The great Vijayanagara empire gave patronage to Indian artists. The Veerbhadra Lepakshi Temple at Anantapur in Andhra Pradesh is a marvel in stone. Many tried exploring how a stone pillar hangs but failed………😮😮😮
- One big mystery at the Lepakshi temple is how the hanging piller was constructed or carved.
- While sixty-nine other pillars support the ceiling, one corner pillar does not touch the temple floor at all.
- There is a small gap between the temple floor and base of the pillar and you can pass thin objects like a piece of cloth from one side to the other.
The Lepakshi temple, also known as Veerbhadra temple is one among the marvels of ancient Indian architecture. Carved out of rock, this magnificence in stone speaks volumes about the great Vijayanagara Empire.
The shrine dedicated to Lord Veerabhadra, the Lepakshi Temple is an exhibition of timeless art which includes beautiful frescoes and murals. Much of the temple is built on a low, rocky hill called Kurmasailam (“tortoise hill” in Telugu) – inspired by the shape of the hill.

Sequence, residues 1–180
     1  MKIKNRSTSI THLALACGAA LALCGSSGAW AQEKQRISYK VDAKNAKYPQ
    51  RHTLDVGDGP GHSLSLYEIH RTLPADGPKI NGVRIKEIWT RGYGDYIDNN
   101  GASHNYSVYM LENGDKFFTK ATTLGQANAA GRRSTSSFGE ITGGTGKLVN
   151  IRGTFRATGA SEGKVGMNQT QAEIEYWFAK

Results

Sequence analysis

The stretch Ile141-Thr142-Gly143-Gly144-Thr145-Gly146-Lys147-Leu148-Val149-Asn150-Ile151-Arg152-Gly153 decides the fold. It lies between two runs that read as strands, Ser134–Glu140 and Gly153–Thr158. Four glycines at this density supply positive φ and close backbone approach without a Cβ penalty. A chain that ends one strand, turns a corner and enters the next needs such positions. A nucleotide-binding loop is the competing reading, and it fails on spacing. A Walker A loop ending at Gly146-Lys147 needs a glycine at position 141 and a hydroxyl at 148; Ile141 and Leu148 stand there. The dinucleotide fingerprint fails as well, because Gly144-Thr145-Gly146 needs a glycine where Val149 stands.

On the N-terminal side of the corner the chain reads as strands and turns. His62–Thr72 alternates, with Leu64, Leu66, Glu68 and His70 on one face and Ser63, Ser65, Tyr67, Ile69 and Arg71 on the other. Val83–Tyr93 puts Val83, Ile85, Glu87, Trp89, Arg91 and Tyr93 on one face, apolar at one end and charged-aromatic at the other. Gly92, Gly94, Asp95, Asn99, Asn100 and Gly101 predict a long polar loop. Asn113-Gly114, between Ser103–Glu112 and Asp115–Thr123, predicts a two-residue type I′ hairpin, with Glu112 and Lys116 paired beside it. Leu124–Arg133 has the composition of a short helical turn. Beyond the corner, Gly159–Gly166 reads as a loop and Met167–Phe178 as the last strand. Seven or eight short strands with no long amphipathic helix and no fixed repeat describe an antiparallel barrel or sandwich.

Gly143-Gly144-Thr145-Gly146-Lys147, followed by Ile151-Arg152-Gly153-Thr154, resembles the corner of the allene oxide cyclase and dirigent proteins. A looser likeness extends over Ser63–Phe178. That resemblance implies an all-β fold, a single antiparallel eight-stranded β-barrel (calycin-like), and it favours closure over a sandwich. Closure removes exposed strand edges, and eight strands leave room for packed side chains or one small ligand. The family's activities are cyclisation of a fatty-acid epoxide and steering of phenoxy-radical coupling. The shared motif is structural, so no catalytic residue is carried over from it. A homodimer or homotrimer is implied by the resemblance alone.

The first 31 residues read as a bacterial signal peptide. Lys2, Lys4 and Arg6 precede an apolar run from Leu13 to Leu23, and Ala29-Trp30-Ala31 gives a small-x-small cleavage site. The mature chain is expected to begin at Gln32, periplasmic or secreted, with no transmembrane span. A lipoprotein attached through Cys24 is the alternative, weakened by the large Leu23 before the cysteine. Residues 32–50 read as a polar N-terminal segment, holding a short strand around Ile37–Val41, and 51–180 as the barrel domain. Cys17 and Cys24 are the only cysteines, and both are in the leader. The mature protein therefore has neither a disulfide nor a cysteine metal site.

As per the Puranas, the Veerabhadra temple was built by the sage Agastya. Moortis of Ganesha, Nandi, Veerabhadra, Shiva, Bhadrakali, Vishnu and Lakshmi are important deities in the temple. It is also believed that Pakshi Jatayu fell at this spot after his battle with Ravana to rescue Mata Sita. Lord Rama is said to have said to the brave bird “Le Pakshi” — ‘rise, bird’ in Telugu. This temple also houses a footprint that is believed to be of Mata Sita.
Walking around the temple, you will discover the glory of the Vijayanagara kingdom which gave patronage to artists who created these amazing pictorial representations. Carved in its walls are images of musicians and saints. You will see beautiful dancing Ganesha moorti, murtis of Mata Parvati and Lord Shiva. There is also a cave chamber here where Sage Agasthya is said to have lived.